Why evidence is key in cancer care

There is nothing like first-hand evidence. This statement from Sherlock Holmes takes on a whole new meaning when applied to cancer care. Evidence-based care has a dramatic impact in improving outcomes for patients. For a policymaker or a doctor, much like a detective, following a trail of evidence is paramount to drilling down to finding solutions. Three key steps are to be followed: 

  • Gathering data

Gathering data to understand the scale and nature of the problem is the first step in understanding how to organise care and how to best allocate resources. Some types of cancer are harder to treat;   investing in small advances in these difficult to treat cancers can make a big difference for patients. But we need to better understand the disease we are talking about.

For example, gastric cancer is a rare and heterogeneous cancer where evidence is scarce; this is in large part because it is often diagnosed at advanced stages, with survival rates varying widely between countries in Europe. In Sweden, gastric cancer has a mortality rate of 4.2% for both sexes, whereas it is almost three times higher in Latvia, at 15%. A working group of international experts convened by the International Agency for Research on Cancer ( IARC) called on countries with high gastric cancer burden to include the disease in their national cancer control programmes, and highlighted the need for more resources to be allocated to control the disease. 

  • Corroborating stories

Gathering the evidence is an important step but not the only one. An essential next step is to understand the story that the data is telling us. To do so we can approach it three ways: ask why, combine sources of knowledge and talk to the patients themselves.  Patients’ preferences and outcomes are an essential piece of the puzzle and help us see what matters in real life. Another powerful tool is asking why the data is telling us X and not Y. A report released last week by the Institute of Health Economics[1] looks into variations in cancer care, outcomes and costs across Europe over the last decade. It finds that, out of all European cancer patients diagnosed in 2012, 66,000 more than those diagnosed in 2002 will live for at least five years after diagnosis. And looks into some of the reasons why: earlier diagnosis, improved treatment options and multidisciplinary care.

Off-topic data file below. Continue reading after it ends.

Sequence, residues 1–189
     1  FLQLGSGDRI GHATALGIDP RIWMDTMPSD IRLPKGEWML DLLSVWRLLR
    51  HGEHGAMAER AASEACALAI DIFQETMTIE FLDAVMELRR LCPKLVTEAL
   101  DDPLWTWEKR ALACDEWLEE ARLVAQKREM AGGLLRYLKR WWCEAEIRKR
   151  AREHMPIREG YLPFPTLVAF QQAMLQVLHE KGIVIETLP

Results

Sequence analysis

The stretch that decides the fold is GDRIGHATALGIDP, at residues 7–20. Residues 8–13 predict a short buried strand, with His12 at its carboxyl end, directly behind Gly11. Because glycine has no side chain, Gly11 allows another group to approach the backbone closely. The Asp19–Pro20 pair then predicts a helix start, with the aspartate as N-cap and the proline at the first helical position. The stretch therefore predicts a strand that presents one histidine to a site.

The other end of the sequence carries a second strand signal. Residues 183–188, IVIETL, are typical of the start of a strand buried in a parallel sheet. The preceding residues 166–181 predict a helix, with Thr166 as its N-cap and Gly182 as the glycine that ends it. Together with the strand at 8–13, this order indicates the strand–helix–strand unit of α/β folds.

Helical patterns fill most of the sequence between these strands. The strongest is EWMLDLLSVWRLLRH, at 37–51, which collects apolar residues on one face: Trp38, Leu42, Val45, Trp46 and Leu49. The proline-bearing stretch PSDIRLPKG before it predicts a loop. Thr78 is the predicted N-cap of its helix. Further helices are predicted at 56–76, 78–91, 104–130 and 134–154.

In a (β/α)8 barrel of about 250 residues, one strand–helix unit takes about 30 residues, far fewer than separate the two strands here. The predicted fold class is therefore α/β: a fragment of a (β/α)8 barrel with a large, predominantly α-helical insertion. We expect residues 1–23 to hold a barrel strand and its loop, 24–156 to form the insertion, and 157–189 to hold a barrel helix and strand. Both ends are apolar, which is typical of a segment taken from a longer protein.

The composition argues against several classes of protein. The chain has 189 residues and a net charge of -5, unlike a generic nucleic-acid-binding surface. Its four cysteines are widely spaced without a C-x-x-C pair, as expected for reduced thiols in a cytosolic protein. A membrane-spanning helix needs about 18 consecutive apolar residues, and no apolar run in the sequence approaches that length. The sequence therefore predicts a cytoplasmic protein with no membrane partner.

• Take a decision based on the best evidence available

Finally, the evidence and the stories they tell us are only as good as the use we put them to. Cancer care based on solid evidence and shared decision-making is one of these uses. To use the example of gastric cancer once again and the 2016 World Congress on Gastrointestinal Cancer that is coming up next week: some sessions and a number of satellite symposia are looking at exactly how to put newly acquired knowledge into practice. Lilly oncology is supporting one of these discussions, as we truly believe that evidence-based making is crucial, be it in R&D, medical practice, or policy-making.

So maybe next week, after the congress, we will have more first-hand evidence on gastric cancer – and the challenge of how we use it is up to us. Let’s see if we can be as good with it as Sherlock Holmes.


[1] The report, entitled ‘comparator report on patient access to cancer medicines in Europe’ was financially supported by five EFPIA member companies. Lilly was not one of the sponsoring companies.